The state’s first recreational pot shops opened a year ago. Here’s what the owners have learned.

“It’s been a year, but it feels like three.”

Michael Swensen for The Boston Globe

The lines started to form in the dark, predawn hours.

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Shuttles ferried customers from satellite parking lots and snacks were passed around as hundreds huddled under umbrellas in anticipation of the openings of the state’s first two recreational marijuana dispensaries.

People waited for hours in the queues, braving the sleet and cold, for their chance to be part of the historic day in Massachusetts and make their cannabis purchases. Now, more than two dozen recreational dispensaries are open across the state — with others still aiming to set up shop.

Cultivate in Leicester and New England Treatment Access (NETA) in Northampton opened their doors on Nov. 20, 2018, as the first shops authorized to sell pot for recreational use, and, a year later, the leaders of both dispensaries told Boston.com they are proud of the first year of business and excited for what happens next.


Below, Amanda Rositano, president of NETA, and Sam Barber, president of Cultivate, reflect on the anniversary of recreational cannabis in Massachusetts and what they’re focused on for year two.

People wait for Cultivate in Leicester to open for the first day of adult marijuana sales.

What are the biggest lessons that you learned in the first year of business?

Amanda Rositano, NETA: I think the thing that has been most eye-opening for us and something that we anticipated, but maybe not to the extent that we’re seeing every day, is really the expansion of access that the adult-use market has provided for people who can really benefit from cannabis. I think there are a lot of misconceptions that it’s a completely different group of people shopping on the adult-use side than it is on the medical-use side. And what we’re finding more and more is that we’re having the same conversations with our adult-use clients by-and-large as we’re having with our medical patients. People are really, really excited to finally have access to this plant that can be so helpful with so many different conditions. And they’re finding ways to incorporate that into their lives without needing to be on a registry and maintain an active patient status. They’re still able to find so many benefits from cannabis. So it’s been really exciting to see how we’ve been able to really change lives through this access to cannabis that’s now available to adults over 21.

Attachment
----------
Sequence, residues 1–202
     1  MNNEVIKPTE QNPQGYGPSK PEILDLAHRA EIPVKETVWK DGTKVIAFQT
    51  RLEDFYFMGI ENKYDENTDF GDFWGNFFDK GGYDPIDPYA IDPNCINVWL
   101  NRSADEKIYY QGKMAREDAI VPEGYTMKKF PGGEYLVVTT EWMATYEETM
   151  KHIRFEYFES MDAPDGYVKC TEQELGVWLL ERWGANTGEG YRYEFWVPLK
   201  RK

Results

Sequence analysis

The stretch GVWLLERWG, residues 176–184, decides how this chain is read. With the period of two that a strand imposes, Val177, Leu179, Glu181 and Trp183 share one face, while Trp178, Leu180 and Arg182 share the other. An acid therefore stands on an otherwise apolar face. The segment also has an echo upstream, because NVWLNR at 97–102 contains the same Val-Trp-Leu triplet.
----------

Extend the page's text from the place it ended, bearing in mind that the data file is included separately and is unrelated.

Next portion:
Sam Barber, Cultivate: For us, it’s been a packed year, and the biggest part that’s been really exciting for us is just hiring on our team. Going from what was around 30 employees, and we’re currently at around 90 right now. So that was one of our biggest learning curves — just the amount of hiring that we needed to be able to get up to that pace.

[Barber added later that building a good relationship with the town of Leicester was another important lesson over the last year as the company grew.]

We are very much a part of the town. A very large number of our employees currently live in the town or are from the town over, including our managers. As well as [being] our neighbors — us being able to work with them [on] any issues or problems that they may have — they’ve really turned into advocates for us. We currently have people right across the street from us and they couldn’t be more supportive of us. And when we’re going to these new towns, to get people real information about how we do operate — that we’re there to be a good neighbor, we’re not there to have an impact on them — we really just want to add to the community, really be a part of it, between creating jobs, upgrading facilities, and creating tax revenue for the town and the state.


People wait in line for hours at New England Treatment Access (NETA) in Northampton on Nov. 20, 2018.

What would you say the most challenging parts of the first year were?